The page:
For oil and gas in 2020, making a net-zero emissions target is an “attractive business prospect”. This is how OMV CEO Rainer Seele described the idea last week, when Offshore Technology asked if his company was considering making a pledge like many have.
In line with the Paris climate agreement, many European companies have made pledges drastically cut their emissions over the next 30 years. With every new promise, pressure mounts on American companies to do the same.
However, there has been an Atlantic divide in attitudes to the climate. Reports by American companies continue to target profit and increasing extraction, with climate targets falling behind. By comparison, Royal Dutch Shell released its 2019 report this week, the first page of which shows off executive quotes about the Paris Agreement.
Middle Eastern and Asian companies often do not have the freedom to choose their production levels. Chinese and Arab state-owned corporations continue to ramp up production as their national governments demand. While those governments have principally agreed to the Paris Agreement, they show no signs of acting on it.
What is net-zero worth?
Not all climate pledges are worth the same. Few promise to cover “scope 3” emissions, those indirectly produced by emitter activity but not owned or produced by the reporting emitter . These are especially difficult to tackle, and to do so companies must diversify, innovate or use carbon offsetting schemes.
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While impressive targets bring positive headlines, they come with criticism. Climate campaign group Friends of the Earth called recent net-zero announcements “inadequate and cynical”, while some pledges have been said to lack detail. There are even critics within the industry.
Shell’s head of gas and power Maarten Wetselaar recently said: “I don’t think we need to get into an arms race of CO2 targets — it’s much more important we execute our strategy to bring down our net carbon footprint.”Some consider the concept of net-zero announcements to be a waste of time. On 6 March, Exxon chief executive Darren Woods said net-zero targets were “a beauty competition” which his company would avoid.
He said: “Individual companies hitting targets and then selling assets to another company so that their portfolio has a different carbon intensity has not solved the problem for the world. It hasn’t made a dent in it. And in some cases, if you’re moving to a less effective operator, you’ve actually made the problem worse.”
The first companies to target net-zero emissions
Italian energy company Eni said it would reach net-zero emissions by 2030 in March 2019. However, it is only looking at emissions directly made by its upstream operations (“scope 1”). This means it will not consider emissions from what it buys or sells.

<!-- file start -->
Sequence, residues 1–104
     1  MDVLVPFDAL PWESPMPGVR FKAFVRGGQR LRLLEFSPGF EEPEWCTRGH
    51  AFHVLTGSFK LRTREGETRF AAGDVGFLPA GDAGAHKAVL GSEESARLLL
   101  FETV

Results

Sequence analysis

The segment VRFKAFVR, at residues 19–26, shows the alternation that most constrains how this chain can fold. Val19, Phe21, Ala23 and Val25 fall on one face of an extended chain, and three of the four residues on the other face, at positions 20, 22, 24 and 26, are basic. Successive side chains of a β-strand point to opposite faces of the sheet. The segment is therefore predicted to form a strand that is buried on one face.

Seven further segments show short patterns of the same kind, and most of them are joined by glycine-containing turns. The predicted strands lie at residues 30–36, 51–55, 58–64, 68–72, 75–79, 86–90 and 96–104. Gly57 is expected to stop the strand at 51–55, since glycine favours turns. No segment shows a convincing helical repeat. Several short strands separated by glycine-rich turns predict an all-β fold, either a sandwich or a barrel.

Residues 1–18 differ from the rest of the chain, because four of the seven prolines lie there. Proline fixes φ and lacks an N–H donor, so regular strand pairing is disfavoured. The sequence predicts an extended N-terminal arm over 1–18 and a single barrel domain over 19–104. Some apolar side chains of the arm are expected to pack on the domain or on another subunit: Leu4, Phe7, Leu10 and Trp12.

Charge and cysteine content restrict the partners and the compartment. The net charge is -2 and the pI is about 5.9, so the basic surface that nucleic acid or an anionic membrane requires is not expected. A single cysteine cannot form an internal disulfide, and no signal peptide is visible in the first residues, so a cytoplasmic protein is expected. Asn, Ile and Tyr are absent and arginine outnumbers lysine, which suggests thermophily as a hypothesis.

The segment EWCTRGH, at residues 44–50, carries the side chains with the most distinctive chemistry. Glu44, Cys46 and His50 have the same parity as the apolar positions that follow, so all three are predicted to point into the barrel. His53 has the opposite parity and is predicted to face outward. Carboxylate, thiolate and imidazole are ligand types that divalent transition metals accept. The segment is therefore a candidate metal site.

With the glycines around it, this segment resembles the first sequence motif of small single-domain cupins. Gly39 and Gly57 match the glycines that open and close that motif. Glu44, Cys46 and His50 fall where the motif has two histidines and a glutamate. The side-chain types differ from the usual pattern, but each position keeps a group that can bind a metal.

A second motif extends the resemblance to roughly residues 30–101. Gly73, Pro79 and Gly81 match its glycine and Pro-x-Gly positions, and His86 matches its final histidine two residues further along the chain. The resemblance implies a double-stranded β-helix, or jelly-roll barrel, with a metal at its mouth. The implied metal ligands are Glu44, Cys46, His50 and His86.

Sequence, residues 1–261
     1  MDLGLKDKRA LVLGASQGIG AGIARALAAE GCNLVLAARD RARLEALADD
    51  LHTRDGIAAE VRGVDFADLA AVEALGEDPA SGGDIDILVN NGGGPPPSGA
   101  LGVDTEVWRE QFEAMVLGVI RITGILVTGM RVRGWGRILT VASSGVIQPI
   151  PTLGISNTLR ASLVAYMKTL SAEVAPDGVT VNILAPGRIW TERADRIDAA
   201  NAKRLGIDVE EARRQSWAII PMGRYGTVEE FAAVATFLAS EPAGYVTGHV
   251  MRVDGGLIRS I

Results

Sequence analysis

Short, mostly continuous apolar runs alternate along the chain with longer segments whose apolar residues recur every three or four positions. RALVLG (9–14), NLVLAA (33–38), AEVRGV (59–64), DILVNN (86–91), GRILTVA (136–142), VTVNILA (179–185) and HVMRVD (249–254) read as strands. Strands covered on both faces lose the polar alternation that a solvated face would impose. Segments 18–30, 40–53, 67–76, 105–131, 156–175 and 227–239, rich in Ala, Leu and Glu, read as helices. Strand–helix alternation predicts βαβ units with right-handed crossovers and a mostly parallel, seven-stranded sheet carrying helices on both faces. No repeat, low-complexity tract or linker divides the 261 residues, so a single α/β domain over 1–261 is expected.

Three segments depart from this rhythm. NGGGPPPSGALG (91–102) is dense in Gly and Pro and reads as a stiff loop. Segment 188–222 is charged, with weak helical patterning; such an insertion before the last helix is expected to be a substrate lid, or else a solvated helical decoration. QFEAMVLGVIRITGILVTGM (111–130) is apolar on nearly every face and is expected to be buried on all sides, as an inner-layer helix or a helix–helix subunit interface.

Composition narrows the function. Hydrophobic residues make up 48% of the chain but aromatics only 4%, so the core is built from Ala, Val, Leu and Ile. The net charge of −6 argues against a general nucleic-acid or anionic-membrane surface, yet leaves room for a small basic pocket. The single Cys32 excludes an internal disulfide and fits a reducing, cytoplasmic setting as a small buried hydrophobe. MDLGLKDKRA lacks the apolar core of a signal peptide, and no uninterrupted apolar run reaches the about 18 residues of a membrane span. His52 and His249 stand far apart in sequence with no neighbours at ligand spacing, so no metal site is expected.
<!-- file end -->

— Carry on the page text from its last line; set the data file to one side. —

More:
Before then, it plans to cut all routine gas flaring and generate 5GW of renewable electricity by 2025.
Spanish producer Repsol says it was the first oil and gas company to commit to net-zero emissions, aiming for 2050. It made this commitment in December 2019, also setting intermediate targets to cut emissions by 10% in 2025.
The company says it will do this via carbon capture, reforestation and using “other natural climate sinks”. It will also diversify its business, increasing production of green hydrogen and plant-derived biofuels.
Energean Oil and Gas claims to be the first UK-listed company to make a net-zero by 2050 target. It committed to the UN plan for 1.5°C in December 2019, but did not give details of its plans.
Relying on CCS?
Norwegian state-owned operator Equinor has made a slightly different pledge, committing to near-zero emissions by 2050. In January 2020, it looked to using carbon capture and green hydrogen, as well as offshore wind generation, to eradicate most of its scope 1 and 2 emissions.
Lundin Petroleum will rebrand as Lundin Energy under its plan for carbon neutrality. The Swedish company announced in January of this year that it will eliminate greenhouse gas emissions by 2030.
To do so, it will electrify rigs to decrease the carbon intensity of every barrel of oil equivalent to below 4kg by the end of this year. It also plans to use carbon capture to offset “all business and operationally related air travel emissions”.
UK-based BP included scope 3 emissions in its net-zero by 2050 promise. It made its announcement in February 2020, during its new CEO’s second week. It was criticised for lacking detail, but did say it would leave trade associations who did not agree with climate action.
Shell and Total both say they support the Paris Agreement’s ambition to keep global temperature rises to less than 2°C. Both have made climate pledges, but neither have moved toward net-zero emissions.